Our business plan would have three levels to allow flexibility on our part and on the part of those wanting to implement this system. The first level of this model would involve our company directly owning and operating the system. This would allow us to collect the phosphorus to sell without competing interest from a stakeholder. This could be implemented in high phosphorus areas (where phosphorus could be easily collected and resold) or as a pilot program for cities or environmental groups to demonstrate how our system would work. The second level would allow us to rent out the reclamation module along with the organisms to cities, farmers, or homeowners. This would allow these stakeholders to benefit from the collected phosphorus by selling it to us or on the open market. We would be selling replacement parts and packaged bacteria to allow refills once the filters become less efficient. This second level would benefit from those who might not want to directly manage their system but view it as an investment where they can profit from the waste phosphors they may generate or have access to. The third level of our business plan would involve the leasing of the whole system, with propagation and encapsulation methods. This would allow groups to have complete control over the process to fit their specific needs. The phosphorus they accumulate could be sold back to our business for wholesale or could be sold on the open market.

Public Engagement

From the outset of our project, we understood that we would receive pushback regarding the use of E. coli in water. Because of this we talked with professors on campus about strategies we could employ to communicate our science. Based on advice we received, we made posters to explain our project and set up a booth at the Wabash River Festival in West Lafayette to discuss the phosphorus problem, our solution, and what it means with people at the festival. We also set up a station for children to pipette water with food coloring into eppendorf tubes to simulate lab experiments. Candy DNA was also provided (that the kids could build). We used this opportunity to explain to both the children and adults how we do genetic recombination.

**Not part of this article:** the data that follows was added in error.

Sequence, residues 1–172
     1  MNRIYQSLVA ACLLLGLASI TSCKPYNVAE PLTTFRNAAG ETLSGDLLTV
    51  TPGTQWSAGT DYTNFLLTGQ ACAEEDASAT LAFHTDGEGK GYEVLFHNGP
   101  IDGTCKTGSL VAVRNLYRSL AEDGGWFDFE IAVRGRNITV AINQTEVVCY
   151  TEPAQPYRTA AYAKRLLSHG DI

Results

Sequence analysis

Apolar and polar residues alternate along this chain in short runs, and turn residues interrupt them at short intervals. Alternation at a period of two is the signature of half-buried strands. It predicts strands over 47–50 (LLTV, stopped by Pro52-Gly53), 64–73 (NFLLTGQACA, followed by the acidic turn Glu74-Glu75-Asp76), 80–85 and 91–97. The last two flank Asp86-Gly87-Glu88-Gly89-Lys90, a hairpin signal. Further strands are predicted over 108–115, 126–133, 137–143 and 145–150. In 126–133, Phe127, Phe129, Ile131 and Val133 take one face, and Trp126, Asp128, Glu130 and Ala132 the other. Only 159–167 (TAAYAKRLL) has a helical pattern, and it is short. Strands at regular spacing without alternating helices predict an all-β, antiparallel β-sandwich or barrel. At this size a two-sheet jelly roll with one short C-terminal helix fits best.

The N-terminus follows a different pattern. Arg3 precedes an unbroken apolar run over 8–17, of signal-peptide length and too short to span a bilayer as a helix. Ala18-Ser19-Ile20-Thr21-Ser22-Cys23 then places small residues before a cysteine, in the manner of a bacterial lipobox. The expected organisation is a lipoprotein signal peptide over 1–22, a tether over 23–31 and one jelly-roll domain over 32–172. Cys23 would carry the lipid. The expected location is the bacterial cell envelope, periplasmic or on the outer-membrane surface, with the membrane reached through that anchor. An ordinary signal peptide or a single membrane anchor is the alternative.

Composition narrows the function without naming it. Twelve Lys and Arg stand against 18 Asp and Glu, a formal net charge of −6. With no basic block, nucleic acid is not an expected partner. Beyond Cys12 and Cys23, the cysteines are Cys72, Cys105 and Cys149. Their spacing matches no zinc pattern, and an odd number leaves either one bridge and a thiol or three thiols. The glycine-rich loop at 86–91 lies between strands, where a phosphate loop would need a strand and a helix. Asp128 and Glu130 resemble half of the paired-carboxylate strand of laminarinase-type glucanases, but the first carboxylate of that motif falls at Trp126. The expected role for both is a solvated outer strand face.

Product Design

We wanted to design a system that would be effective and industrially competitive, and so we met with experts from the USDA, Purdue Foundry, and biocontainment experts on campus to establish our design criteria. We iterated on the design through more meetings and ultimately built a prototype

  • (1) F. Pearce, “Phosphate: A Critical Resource Misused and Now Running Low,” Yale Environment 360, 07-July-2011.
  • (2) C. Clabby, “Does Peak Phosphorus Loom?”, American Scientist, July-2010.
  • (3) M.F. Chislock, E. Doster, R.A. Zitomer, and A.E. Wilson, “Eutrophication: Causes, Consequences, and Controls in Aquatic Ecosystems,” Nature Education Knowledge Project, 2013.
  • (4) K. King, “Production Agriculture and Environmental Targets: Can They Coexist?”, 07-July-2016.
  • (5) Chesapeake Bay News, “Cover Crops: One Key to Reducing Nutrients to Bay,” Chesapeake Bay Program, 01-Nov-2006.
  • (6) NRCS, “Cover Crops- Keeping Soil in Place While Providing Other Benefits,” Natural Resources Conservation Service New York, n.d.
  • (7) The National Institute for Occupational Safety and Health, “Methyl silicate,” Centers for Disease Control and Prevention, 11-April-2016.
  • (8) The National Institute for Occupational Safety and Health, “Ethyl silicate,” Centers for Disease Control and Prevention, 11-April-2016.